TikTok’s ‘old Jewish men’ ask for cheap lox and places to pee in New York City

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Whether it’s the price of the lox or a place to pee, one of TikTok’s latest trends features old dudes fighting for a cause.

“Make $ 2.99 a pound lox again,” complain the old social media stars of @oldjewishmen, who take videos of the “protests” they are hosting in the city.

The lifestyle brand of director Noah Rinsky, who worked for international production company Bazelevs, features a boutique of clothes, memes and snapshots of “Old Jewish Men” – some of whom are comedians or actors.

The brand has more than 46,000 Instagram followers and 38,000 TikTok followers.

They voice their grievances about the price of pastrami – holding up cardboard signs saying “the richest 1% own 99% of the pastrami” – or the lack of public toilets in New York City.

In a video, they chant: “2, 4, 6, 8, we just want to urinate!”

People are also supporting the protests en masse, enough for the brand to launch a petition with around 3,700 signatures for more public restrooms on its website.

“There is a kind of truth to old Jewish men,” Rinsky told the Post. “When you see guys like this appearing on your feed, they come as they are, it’s not sanitized, it’s not shiny. Their [complaints] may be small and trivial to some, but they are real. We need more toilets and the lox is overpriced, these sandwiches are made for tourists. “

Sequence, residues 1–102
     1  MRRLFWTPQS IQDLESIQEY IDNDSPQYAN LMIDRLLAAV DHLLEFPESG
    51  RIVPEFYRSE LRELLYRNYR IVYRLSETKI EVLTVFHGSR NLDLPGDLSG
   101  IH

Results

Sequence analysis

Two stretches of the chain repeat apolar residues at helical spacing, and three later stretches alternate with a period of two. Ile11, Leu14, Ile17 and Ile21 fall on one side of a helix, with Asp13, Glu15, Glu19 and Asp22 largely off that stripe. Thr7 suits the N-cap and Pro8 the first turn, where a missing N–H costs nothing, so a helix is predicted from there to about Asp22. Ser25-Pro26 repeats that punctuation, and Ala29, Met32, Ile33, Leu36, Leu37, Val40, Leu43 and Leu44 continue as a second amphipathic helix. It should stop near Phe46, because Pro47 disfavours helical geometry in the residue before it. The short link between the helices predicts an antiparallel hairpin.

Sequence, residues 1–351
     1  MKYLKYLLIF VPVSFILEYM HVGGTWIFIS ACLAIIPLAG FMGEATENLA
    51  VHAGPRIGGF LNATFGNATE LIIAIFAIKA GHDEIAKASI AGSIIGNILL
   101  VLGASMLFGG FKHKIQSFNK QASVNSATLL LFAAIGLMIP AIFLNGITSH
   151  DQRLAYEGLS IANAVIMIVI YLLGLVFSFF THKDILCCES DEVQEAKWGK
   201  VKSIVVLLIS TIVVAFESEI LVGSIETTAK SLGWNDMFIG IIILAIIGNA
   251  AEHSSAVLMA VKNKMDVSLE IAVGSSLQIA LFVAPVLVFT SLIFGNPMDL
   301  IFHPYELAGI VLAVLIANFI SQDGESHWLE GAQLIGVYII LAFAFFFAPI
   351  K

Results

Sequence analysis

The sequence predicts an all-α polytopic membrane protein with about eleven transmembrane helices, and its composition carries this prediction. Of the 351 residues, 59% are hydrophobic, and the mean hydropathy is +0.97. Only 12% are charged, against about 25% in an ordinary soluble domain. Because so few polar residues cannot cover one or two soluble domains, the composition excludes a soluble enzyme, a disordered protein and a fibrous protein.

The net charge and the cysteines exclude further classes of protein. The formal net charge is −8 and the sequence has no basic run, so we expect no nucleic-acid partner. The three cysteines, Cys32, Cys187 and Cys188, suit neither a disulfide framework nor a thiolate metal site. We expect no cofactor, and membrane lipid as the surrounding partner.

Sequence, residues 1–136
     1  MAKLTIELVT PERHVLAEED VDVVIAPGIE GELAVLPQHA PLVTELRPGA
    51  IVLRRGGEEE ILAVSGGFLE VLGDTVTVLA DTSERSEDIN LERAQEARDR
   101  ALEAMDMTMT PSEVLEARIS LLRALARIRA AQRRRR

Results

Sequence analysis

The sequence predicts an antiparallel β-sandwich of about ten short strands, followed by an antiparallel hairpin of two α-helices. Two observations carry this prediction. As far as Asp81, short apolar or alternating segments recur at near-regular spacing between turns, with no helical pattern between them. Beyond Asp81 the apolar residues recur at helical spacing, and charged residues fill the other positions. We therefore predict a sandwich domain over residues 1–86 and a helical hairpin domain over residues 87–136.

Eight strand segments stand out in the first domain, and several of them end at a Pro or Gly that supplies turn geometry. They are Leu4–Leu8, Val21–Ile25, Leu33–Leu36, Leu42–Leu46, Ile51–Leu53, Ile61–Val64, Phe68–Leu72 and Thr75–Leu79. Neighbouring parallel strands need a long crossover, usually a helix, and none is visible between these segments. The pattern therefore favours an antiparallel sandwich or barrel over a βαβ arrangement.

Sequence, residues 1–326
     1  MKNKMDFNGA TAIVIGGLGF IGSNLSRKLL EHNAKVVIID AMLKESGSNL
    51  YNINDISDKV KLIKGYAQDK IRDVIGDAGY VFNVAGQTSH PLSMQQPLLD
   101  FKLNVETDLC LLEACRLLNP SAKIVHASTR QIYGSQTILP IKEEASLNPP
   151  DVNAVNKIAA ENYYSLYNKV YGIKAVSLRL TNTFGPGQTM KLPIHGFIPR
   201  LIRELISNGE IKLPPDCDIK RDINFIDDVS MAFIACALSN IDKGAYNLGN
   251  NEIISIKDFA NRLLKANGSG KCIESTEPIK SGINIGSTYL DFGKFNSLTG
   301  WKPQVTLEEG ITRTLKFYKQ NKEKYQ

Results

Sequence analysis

The lifestyle brand of director Noah Rinsky, who worked for international production company Bazelevs, offers a boutique for clothes, memes and snapshots of “Old Jewish Men.”
Ben Blanchet / NYPost

People are generally fed up with being lied to, thinks Rinsky, 32, and when they see old Jewish men, “for better or for worse, they’ll get the truth.”

Rinsky said he created the Old Jewish Men account to share photos and videos of his own 71-year-old Jewish father. It has grown to include photos of older Jewish men over the years and has become the brand he created with Bryan Seversky.

Old Jewish Men has a show in preparation about old Jewish men working in a hedge fund, “OJM Capital”.

The elders behind the Old Jewish Men skits said they could relate to the protests. Brooklyn actor and stand-up comic John Ordover, 59, has said his favorite lox or pastrami is “lox – or someone else’s bought pastrami.”

People are usually fed up with being lied to, believes Rinksy, 32, and when they see old Jewish men, "for better or for worse, they will get the truth."
People are generally fed up with being lied to, thinks Rinksy, 32, and when they see old Jewish men, “for better or for worse, they’ll get the truth.”
TIC Tac
Whether it's the price of the lox or a place to pee, one of TikTok's latest trends features old dudes fighting for a cause.
Whether it’s the price of the lox or a place to pee, one of TikTok’s latest trends features old dudes fighting for a cause.
TIC Tac

“The prices are way too high and the lack of public toilets is a big problem in New York City, especially when your prostate gets the size of a watermelon,” Ordover joked.

Sketches come naturally to men.

Rockaway Beach actor Eric Howard, 63, who appeared on “Impratical Jokers,” told the Post he does not follow any particular religion.

“My religion is comedy and making people happy,” Howard said. “That’s probably why I don’t have any money, but it’s too late now to change my religion.”

Aaron Cohen, 69, of Brooklyn, said the brand is “very relevant” as an Orthodox Jew.

“People see me on the street and say, ‘Hey, you’re the toilet man,’ so I know we’re making an impact,” he said.

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